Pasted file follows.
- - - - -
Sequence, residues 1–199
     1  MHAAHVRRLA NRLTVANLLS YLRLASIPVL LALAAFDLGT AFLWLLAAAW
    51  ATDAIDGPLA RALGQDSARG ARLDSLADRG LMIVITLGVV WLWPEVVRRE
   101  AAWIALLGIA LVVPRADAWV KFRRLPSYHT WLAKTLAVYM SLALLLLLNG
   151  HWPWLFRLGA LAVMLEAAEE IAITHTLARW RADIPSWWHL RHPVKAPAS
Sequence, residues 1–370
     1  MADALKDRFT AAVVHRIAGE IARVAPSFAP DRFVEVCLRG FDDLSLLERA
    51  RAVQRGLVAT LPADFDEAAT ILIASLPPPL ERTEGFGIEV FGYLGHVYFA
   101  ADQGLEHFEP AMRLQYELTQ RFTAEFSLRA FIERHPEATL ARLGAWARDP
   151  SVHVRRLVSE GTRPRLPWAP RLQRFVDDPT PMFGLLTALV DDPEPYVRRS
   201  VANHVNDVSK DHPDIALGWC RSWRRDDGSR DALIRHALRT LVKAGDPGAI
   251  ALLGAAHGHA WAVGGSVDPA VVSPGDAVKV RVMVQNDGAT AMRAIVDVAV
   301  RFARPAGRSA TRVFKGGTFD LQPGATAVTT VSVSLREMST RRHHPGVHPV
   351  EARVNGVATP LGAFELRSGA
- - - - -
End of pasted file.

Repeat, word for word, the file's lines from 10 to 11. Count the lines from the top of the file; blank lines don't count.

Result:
   151  SVHVRRLVSE GTRPRLPWAP RLQRFVDDPT PMFGLLTALV DDPEPYVRRS
   201  VANHVNDVSK DHPDIALGWC RSWRRDDGSR DALIRHALRT LVKAGDPGAI